The ghoul-on-the-back idea
Yogananda's aged guru Yukteswar once said that Yogananda "had a disease - where a ghoul comes and sits on his back". (Dasgupta 2006, 83). In Yogananda's fellowship, SRF, the faith is that the guru of Yogananda was wisdom incarnate - such things. Are there any passages that say the ghoul on Yogananda's back was removed, and if so, by any kind of surgery?
Ghoul: a malevolent spirit or ghost; a person interested in morbid or disgusting things; a person who robs graves. In Muslim legends, ghouls are evil demons thought to eat human bodies, stolen corpses or children, and then taking the form of the person most recently eaten. Such demons chould change their shape but had one unchanging feature: donkey's hooves for feet.
Surprised? There is some more, such as Yogananda's unfounded charges in court to escape paying money he owed. [Enlightening evidence]
Give yourself the benefit of doubt if you dare, for example by looking carefully to see whether that ghoul had eaten up Yogananda and later hid his hooves - or more easily done to many, realise that Yogananda might have taught a hundred lessons by trying to avoid paying money he owed, adding false and untrue money charges to that in court. Acts often speak louder than words.
Yet, dealing with wrong beliefs in a cult setting - "It ain't easy, you know," as Bob Dylan sings somewhere.
"We don't really know what is right or real ... we are often incorrect in our judgements." - Paramahansa Yogananda [Ak 414].
Is that so? Say: "Hardly" and realise that some know right from wrong, and that the season of success gives good and well sown seeds the better growing-conditions.
Ninety-nine percent of all people fail under this test. Tell a person, for his own good, to do a particular thing, and he will do exactly the opposite. Why? Because he can't help himself. [Yogananda, Ak 321].
"Is it exactly like that?" you may come to wonder. "Possess the power of thought . . . Utilize!" says Yogananda in The Law of Success. It could well be attainable and useful when facing conundrums and the intrigue tightens. Then it is high time to make use of the power of thought.
The words that fail
Granted the Yogananda "premises" just given, should you think that Yogananda said things for the good of SRF people, but expected them to do the opposite and not go for self-governing communities, or "colonies" and very much else he said? Perhaps not.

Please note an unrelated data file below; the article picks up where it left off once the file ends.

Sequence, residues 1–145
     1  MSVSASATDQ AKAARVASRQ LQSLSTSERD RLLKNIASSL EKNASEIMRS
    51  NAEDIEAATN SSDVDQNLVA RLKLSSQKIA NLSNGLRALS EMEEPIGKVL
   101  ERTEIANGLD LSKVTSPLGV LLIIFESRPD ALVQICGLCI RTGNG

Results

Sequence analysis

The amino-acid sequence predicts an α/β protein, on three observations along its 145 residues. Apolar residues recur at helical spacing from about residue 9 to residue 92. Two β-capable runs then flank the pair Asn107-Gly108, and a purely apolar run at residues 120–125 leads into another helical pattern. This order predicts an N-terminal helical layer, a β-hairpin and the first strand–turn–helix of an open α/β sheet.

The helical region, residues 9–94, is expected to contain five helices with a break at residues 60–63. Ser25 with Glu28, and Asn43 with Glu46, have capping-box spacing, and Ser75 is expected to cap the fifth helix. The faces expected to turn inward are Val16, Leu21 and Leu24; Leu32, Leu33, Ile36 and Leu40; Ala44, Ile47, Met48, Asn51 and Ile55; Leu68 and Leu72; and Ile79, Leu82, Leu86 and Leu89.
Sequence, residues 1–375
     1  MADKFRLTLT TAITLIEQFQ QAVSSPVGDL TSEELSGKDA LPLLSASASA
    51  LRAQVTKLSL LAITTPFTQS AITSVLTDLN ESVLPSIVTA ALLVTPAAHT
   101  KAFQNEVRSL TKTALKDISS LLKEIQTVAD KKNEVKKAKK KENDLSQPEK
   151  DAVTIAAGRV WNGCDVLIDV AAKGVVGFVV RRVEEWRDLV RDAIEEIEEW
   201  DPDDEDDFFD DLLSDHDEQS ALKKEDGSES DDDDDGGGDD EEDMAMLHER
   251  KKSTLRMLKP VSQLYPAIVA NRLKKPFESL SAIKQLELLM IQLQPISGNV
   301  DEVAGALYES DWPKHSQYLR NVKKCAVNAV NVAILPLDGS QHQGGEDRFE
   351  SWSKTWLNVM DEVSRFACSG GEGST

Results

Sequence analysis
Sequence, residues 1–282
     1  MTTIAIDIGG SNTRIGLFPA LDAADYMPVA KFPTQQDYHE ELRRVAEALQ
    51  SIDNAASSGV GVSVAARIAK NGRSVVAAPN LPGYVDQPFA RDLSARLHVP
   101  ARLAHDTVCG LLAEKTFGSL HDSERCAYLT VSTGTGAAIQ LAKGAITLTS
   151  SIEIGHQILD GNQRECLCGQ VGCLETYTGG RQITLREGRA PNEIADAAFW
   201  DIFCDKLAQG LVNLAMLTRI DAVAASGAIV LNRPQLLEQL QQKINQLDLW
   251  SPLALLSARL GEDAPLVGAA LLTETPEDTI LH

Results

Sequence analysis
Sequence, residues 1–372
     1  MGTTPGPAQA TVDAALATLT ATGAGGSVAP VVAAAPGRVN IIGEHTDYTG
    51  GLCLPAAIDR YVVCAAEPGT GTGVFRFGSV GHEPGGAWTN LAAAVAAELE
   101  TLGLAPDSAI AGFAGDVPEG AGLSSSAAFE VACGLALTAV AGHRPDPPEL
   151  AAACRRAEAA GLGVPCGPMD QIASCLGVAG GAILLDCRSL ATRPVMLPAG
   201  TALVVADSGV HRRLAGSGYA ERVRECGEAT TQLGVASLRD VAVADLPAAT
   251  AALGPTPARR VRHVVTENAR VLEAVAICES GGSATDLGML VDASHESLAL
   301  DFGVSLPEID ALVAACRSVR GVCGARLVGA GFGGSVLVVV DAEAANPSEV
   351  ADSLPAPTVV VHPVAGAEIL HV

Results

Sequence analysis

Don't take my word for anything." - Yogananda (in Dietz 1998, "Master's Teachings").
Did he mean what he said this time? Here you see an easy way out. Save yourself from wasting precious time on words you are told not to take for anything. That is far more elegant, and yields time for meditation. The Tibetan Dhammapada:
Buddhas will work, or are working now
Quite so -
Headquartered on a hill in Los Angeles, his fellowship may have abandoned their founder-guru's ideas on top of the Mt. Washington hill. But is that so sure?
You may also come to wonder: "Should Yogananda have told them not to go for self-supporting communities so that they would establish some instead?" Don't count on it as long as good evidence is absent.
Further, is it sure that the correct number is 99 and not 96, for example? If it is sure, some evidence of it ought to be given, although orators may want it otherwise.
And can you really count on that Yogananda followers do exactly the opposite of what he tells them to do, and not nearly the exact opposite? I would not count on that either. A follower is someone who does what is told and not anything opposed to it - ideally. An automaton is also marked by that, ideally.
Further, in many cases there is no exact opposite to be found - perhaps something different, as expressed by antonyms. "Opposites" or opposing ideas are fairly often approximations and intimations, and at times hard to find. An example follows.
Escape to quite self-supporting communities
Let every man gather from five to ten thousand dollars, and, in groups of thirty, let them build self-sustaining, self-governing colonies, starting with California." - Paramahansa Yogananda
By 'colonies' Yogananda meant rather 'self-supporting communities'. "Every man" - adhere instead to this: people are different, and "Different strokes for different folks." That is sounder. And those who live well, should they really follow the exhortations of Yogananda? Many swamis must say no if they are no underlings of that guru. Most are not.
Five thousand dollars may or may not do today. Anyway, there is the Cost-of-living index to look into for those who believe that they should not believe blindly, as Yogananda says: "No more blind believing (1982, 456)." They should not believe that blindly either - that is a part of what it means.
The opposite of "every man" is no man, the opposite of 'gather' is squander, the opposite of 'build' is tear down, demolish, but what is the opposite of California? What is right west of California other than what is in the Pacific Ocean?